# Can parameters be contra- or covariant in Python?

I've just now studied about covariance and contravariance in static languages (more specifically C#). This concept is rather clear to me, however I'm in doubt on how this applies to dynamic languages like Python.

Since Python is duck typed (or structural typed) it seems to me that there is not even a notion of variance and covariance in this language?

If I'm not mistaking, things like contravariance and covariance are checked at compile-time in a language like C#, this is possible because a variable has a type, and the value it is bound to has a type as well and these have to match or be co(ntra)- or invariant. However, since there is no notion of typing at compile-time with a language like Python I don't know how to apply this concept.

Any thoughts?

My thoughts: The concept of covariance means that whenever we expect a type of X, any subclass of X will do as well. So, in Python this doesn't come up, because there is no type check to do this. The only check that happens is wether or not the object has the necessary implementations by means of methods and attributes.

In C# for example where we have a method:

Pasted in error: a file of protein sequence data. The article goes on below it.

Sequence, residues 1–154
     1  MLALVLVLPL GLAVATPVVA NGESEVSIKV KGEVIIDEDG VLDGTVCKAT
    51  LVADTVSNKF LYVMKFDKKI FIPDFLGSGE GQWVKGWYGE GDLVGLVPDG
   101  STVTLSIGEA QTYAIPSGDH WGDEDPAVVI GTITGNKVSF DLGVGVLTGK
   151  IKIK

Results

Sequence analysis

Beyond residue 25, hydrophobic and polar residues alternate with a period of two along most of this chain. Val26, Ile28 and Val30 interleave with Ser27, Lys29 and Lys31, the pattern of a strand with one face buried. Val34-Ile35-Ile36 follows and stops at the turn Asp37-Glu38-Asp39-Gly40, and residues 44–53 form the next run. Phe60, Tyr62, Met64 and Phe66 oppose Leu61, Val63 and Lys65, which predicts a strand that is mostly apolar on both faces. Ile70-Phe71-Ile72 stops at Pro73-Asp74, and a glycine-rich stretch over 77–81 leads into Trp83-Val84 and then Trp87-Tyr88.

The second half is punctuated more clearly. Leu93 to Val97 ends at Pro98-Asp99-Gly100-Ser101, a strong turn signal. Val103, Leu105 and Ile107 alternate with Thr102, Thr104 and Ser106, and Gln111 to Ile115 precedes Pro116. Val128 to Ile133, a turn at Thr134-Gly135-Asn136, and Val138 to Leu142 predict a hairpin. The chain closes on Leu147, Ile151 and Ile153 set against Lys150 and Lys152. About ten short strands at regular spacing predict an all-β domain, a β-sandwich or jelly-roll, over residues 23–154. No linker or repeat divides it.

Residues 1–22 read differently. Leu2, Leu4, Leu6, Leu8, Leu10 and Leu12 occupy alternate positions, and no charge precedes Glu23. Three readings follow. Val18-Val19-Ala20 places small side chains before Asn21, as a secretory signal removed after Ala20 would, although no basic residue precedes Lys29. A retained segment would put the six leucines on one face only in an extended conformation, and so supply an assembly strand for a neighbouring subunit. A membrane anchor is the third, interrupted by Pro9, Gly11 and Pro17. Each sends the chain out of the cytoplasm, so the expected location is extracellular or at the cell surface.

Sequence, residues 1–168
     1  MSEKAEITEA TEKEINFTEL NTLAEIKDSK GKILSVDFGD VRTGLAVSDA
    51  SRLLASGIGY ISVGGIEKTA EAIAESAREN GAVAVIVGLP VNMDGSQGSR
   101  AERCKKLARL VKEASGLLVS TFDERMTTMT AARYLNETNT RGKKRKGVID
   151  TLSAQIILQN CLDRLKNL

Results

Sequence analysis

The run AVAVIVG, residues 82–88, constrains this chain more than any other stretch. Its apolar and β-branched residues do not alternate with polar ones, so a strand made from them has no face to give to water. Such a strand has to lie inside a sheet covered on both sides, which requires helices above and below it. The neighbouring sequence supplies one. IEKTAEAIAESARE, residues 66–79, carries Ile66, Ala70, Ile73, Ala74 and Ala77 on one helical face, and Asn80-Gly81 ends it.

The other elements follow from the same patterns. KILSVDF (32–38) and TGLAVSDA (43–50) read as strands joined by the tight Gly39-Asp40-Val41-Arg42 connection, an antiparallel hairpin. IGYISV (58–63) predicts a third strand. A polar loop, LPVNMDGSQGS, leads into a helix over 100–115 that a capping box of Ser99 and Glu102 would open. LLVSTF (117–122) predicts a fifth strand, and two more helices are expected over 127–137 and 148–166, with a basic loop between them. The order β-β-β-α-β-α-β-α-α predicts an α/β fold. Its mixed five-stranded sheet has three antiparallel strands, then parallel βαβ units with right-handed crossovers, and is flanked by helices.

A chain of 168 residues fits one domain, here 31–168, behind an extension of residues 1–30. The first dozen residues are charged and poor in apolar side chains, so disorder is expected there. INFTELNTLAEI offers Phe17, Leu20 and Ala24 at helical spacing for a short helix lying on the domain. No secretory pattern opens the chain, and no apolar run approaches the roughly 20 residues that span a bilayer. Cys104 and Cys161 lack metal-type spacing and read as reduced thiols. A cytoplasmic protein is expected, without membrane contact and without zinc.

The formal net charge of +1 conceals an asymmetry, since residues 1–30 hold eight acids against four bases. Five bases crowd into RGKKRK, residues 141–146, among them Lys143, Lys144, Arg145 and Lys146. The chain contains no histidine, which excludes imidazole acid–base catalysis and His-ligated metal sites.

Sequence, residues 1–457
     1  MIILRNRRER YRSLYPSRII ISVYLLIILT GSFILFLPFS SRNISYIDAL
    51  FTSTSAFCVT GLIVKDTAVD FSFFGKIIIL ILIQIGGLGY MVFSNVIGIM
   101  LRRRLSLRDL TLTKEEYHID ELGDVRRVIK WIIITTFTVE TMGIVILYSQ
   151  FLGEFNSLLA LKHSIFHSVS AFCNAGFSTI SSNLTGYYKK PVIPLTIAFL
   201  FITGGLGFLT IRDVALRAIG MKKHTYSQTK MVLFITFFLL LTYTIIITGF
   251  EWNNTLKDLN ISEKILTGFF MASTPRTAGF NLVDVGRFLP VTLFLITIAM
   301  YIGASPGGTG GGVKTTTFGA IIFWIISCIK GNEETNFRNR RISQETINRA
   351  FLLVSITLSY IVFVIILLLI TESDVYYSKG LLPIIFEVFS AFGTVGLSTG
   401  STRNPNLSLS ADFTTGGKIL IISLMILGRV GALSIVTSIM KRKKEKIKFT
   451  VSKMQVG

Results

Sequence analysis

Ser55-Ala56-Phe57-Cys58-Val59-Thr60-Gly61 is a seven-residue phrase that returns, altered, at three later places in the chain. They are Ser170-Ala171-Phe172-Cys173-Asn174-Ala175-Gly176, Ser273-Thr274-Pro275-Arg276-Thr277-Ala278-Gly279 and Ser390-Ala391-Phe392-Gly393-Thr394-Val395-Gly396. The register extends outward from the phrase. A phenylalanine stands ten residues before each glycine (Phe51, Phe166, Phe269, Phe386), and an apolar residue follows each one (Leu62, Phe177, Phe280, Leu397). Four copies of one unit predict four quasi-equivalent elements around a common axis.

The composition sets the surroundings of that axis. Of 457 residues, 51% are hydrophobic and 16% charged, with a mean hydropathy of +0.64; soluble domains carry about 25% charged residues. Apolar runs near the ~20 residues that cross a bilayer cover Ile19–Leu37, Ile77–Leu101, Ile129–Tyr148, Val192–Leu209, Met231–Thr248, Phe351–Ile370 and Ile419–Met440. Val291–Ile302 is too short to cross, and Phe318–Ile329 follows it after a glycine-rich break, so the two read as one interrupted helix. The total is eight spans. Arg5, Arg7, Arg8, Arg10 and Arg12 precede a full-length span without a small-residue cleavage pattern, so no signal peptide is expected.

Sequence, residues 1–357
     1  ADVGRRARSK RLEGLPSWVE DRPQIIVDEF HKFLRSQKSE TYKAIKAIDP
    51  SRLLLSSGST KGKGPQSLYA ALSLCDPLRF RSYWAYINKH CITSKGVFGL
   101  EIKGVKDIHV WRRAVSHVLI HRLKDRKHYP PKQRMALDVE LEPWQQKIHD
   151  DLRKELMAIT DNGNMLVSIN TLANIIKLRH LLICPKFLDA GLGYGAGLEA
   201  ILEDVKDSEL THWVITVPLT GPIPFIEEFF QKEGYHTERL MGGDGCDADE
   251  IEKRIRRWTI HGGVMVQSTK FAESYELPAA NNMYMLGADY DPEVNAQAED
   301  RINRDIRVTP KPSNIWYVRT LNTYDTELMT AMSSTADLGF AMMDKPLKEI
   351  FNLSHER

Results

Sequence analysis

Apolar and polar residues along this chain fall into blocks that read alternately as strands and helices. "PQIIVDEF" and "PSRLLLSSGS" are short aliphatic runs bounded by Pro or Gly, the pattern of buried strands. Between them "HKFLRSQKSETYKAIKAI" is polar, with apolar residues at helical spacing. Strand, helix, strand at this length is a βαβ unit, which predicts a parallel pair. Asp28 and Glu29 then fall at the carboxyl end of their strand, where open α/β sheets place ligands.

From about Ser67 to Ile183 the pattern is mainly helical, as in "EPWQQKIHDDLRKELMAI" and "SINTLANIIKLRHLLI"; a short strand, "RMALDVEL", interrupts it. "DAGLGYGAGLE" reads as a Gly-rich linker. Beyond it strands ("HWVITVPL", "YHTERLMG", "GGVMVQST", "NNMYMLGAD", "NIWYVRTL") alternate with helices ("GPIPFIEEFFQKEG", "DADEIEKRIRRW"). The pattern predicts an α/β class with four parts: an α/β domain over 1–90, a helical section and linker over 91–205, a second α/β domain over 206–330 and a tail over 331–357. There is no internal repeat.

void DoStuff(Person p)
{
p.Dance();
};

We could very well call this method with an instance of a Student (if this is a subclass of Person).

Now, in Python, we could very well pass in a Bird object that would not be related to Person in any way in the inheritance hierarchy(except it would also inherit from object), as long as this bird implements Dance().

• I believe your question doesn't make much sense. For example you can do things like some_instance.Dance = None and, even if some_instance is indeed a Person instance, it will raise an exception when passed to DoStuff. The same object might implement or not a given interface in different times. Jan 10, 2014 at 12:36

Covariance: If B is a subtype of B' then functions A $\rightarrow$ B form a subtype of A $\rightarrow$ B'.
Contrvariance: If A is a subtype of A' then functions A' $\rightarrow$ B form a subtype of A $\rightarrow$ B.